Many Bronze Age tombs found in the Nordics are so called heap tombs (röykkiöhauta in Finnish). They are known by many other names such as tumulus (Latin for mound), barrows, or burial mounds depending on how they were built and where. They have been known in Finnish folklore are hiidenkiuas, which means a giant’s stove. More specifically, after the knowledge of what these tombs actually contained was lost in history, superstitious Finns started to think that goblins (hiisi) lived inside these mounds. Hiisi used to mean a sacred area in old Finnish but with the expansion of Christianity, the meaning changed and became synonymous with devils and goblins.
During the Bronze Age (1500-500 BCE), seafaring connections increased and Finland adopted many traditions such as burial practices from elsewhere in Europe. Notable persons were revered by burying them in monumental heap tombs located on the top of high hills or cliffs. These burial mounds were especially used on the coastal areas. These traditions held out in Finland until the 12th century, after which the nowadays-common practice of burying people in dug graves became the norm. So, the Lehtisaari heap tombs are a part of a millennia old tradition, and should be respected as such.
Lots to do in Lehtisaari
There are plenty of activities available at Lehtisaari after you have explored the heap tombs. There is a playground for children, a sand-covered playing field, and free-to-use outdoor exercise equipment. They are all located in Hiidenkiukaanpuisto park which lies between the seashore in the West and Lehtisaarentie road at the centre of the island. There is also a sandy beach, and plenty of opportunities to spot birds but also, amazing enough, Siberian flying squirrels which call the island home!
Directions to Lehtisaari
Address: There are several places where you can get to Lehtisaari.
- Kuusisaarentie road in the North (address: Lehtisaarentie 2).
- Through Katajaharju and Kaskisaari islands in the South (place called Laukkaluoto).
How to get there: The best way to get to Lehtisaari is to use public transport and to walk the rest. There is some parking available for cars but due to the popularity of the area and the fact that it’s near housing, it is best to leave your car at home.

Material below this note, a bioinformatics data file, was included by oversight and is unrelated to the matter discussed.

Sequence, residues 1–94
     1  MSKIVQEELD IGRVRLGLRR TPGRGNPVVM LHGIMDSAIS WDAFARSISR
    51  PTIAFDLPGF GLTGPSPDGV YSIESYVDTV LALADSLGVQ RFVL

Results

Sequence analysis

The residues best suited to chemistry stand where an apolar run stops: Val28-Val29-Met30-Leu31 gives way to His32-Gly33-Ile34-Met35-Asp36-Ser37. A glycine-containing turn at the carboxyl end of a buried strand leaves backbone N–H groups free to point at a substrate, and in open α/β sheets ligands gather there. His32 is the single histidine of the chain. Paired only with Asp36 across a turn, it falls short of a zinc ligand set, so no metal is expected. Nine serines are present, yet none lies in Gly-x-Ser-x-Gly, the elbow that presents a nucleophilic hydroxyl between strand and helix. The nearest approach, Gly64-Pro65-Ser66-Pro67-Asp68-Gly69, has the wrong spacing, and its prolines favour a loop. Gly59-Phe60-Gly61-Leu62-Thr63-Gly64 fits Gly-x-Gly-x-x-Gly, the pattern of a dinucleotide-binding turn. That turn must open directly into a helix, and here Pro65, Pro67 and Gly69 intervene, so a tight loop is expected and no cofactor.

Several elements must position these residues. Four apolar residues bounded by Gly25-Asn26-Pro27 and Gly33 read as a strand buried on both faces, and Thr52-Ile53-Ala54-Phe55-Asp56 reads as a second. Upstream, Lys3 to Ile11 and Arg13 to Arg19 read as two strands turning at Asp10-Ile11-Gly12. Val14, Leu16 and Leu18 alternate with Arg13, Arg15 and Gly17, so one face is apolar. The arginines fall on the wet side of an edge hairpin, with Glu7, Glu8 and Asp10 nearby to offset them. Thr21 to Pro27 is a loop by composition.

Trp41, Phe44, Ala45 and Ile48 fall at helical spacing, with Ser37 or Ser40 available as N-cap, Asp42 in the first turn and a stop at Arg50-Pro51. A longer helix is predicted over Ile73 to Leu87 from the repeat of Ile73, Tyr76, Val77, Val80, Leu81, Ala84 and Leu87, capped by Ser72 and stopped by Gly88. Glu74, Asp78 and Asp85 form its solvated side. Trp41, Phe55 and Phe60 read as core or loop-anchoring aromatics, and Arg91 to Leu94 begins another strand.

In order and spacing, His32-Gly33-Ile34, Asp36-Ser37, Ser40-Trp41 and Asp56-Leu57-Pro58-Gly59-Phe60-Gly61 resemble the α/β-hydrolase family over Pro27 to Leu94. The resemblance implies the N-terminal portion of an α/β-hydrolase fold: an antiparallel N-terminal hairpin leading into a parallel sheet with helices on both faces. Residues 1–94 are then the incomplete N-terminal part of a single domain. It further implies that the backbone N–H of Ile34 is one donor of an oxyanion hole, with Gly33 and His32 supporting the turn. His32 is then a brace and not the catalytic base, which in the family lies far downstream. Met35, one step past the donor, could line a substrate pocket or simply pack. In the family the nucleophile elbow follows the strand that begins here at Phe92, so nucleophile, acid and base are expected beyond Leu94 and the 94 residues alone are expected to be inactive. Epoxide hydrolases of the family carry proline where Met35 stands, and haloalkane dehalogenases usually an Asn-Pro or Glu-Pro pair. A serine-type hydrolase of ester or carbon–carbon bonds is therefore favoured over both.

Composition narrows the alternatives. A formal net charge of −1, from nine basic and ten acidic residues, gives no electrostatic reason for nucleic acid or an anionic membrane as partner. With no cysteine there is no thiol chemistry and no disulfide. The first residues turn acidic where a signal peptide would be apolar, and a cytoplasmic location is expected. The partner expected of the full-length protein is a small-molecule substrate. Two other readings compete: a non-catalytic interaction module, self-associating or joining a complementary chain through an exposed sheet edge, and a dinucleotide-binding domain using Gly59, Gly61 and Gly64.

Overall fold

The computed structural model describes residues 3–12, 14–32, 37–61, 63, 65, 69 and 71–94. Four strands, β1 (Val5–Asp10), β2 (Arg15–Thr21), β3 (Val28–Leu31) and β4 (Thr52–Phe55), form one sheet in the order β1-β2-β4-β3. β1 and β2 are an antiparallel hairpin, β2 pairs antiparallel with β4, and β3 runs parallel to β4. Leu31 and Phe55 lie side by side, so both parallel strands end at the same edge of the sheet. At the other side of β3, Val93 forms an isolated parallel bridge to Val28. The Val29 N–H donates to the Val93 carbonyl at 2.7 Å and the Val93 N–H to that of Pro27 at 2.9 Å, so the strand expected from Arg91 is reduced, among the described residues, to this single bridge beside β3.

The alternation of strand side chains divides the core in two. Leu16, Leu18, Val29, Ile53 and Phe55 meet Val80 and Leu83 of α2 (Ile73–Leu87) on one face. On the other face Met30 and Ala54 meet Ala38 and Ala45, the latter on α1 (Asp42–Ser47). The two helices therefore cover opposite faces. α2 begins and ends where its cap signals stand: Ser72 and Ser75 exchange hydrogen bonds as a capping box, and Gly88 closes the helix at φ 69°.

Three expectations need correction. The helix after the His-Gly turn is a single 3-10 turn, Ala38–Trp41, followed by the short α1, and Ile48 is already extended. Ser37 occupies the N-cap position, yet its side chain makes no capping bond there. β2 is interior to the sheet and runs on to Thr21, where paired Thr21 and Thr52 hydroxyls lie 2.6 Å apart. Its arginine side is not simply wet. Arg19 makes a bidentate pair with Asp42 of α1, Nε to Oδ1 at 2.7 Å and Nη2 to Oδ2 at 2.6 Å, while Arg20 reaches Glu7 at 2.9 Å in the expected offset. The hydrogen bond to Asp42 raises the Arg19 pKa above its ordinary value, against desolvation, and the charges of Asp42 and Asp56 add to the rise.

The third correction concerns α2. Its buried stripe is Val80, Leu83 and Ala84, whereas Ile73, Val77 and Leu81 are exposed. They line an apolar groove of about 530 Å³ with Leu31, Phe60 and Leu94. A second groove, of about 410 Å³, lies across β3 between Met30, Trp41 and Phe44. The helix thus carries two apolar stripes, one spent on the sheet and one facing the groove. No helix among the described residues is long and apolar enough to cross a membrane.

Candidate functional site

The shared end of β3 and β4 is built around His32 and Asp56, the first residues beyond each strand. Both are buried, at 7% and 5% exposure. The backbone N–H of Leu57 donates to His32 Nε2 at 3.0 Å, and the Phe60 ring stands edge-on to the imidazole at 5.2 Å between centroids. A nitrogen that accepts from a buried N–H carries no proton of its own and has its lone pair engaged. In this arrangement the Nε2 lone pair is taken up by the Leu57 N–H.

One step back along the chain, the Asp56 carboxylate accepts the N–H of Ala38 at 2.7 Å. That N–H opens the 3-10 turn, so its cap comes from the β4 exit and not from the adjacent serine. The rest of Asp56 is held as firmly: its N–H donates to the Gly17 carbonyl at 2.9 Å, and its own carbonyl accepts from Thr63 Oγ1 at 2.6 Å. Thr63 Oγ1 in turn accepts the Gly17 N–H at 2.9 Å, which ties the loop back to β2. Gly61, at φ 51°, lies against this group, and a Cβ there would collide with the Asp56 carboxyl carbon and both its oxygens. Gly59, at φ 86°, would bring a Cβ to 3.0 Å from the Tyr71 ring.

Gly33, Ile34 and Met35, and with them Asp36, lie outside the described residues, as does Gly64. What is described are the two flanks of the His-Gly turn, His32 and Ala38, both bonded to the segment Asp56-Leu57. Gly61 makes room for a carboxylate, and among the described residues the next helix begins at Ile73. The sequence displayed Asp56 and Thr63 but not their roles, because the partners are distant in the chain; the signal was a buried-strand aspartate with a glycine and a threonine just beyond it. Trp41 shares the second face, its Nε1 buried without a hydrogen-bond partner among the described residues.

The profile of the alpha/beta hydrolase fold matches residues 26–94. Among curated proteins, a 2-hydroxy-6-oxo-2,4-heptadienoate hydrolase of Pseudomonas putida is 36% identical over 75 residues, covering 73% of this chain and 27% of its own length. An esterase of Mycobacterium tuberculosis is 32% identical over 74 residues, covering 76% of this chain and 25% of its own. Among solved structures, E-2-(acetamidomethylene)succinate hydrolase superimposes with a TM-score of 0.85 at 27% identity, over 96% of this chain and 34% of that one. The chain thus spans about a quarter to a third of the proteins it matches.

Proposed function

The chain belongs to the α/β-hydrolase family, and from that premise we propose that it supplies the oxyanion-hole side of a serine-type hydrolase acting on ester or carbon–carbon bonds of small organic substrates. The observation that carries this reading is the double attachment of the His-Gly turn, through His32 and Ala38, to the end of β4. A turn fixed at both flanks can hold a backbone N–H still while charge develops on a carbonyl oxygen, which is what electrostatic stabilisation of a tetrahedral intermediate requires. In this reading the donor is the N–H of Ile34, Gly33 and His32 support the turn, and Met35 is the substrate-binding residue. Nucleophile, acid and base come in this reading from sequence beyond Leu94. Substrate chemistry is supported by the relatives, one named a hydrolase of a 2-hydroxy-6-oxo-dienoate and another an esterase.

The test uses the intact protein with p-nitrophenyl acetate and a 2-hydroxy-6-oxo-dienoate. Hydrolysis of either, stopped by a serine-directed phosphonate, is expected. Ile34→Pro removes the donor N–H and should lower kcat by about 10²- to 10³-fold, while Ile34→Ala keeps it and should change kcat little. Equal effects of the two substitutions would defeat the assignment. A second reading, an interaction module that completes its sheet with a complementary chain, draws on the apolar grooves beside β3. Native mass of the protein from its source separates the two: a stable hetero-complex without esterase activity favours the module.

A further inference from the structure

The heap tomb is located at the end of Hiidenkiukaantie:
- Car: If you desperately want to take your car, there is a public parking spot available. You can type Kaskisaaren silta on your navigator and it will take you to a small carpark next to the beach and the Kaskisaari bridge. You will have to use the northern route to get there as there is no connection by car from the south.
- Bicycle: You can cycle everywhere on the island, so using public roads is easy enough. However, you are not allowed to cycle in the forests, only on dedicated footpaths.
- Public transport: You can take a bus directly into the heart of Lehtisaari but these buses are few and far between. The Koivusaari metro station is a little bit further but allows you to enjoy the archipelago whilst walking.
- Bus 34 stops right next to the heap tomb (check timetables here)
- Lehtisaarentie stop is a 10-minute walk (850m) from the heap tomb, and there are several buses that drive there.
- Koivusaari metro station at Sotkatie road is 2.6km from the heap tomb. You walk under the Länsiväylä highway and up to Katajaharju ridge, then further north until you have passed two bridges.
Accessibility: You can get to the heap tomb either the easy, accessible way along Hiidenkiukaantie road or through the park and the forest. The area around the Lehtisaari heap tomb is flat and can be accessed by wheelchairs and children’s buggies.
Facilities: There are no special facilities at this site.
When to go: You can visit this area at any time of the year. However, if there is a lot of snow, it may be difficult to see the tomb formation itself.
Similar things to see nearby
If you are interested in the Bronze Age and similar curiosities as the Lehtisaari heap tombs, go check out Hanikka nature trail and its burial mounds in Espoo, only 16km away.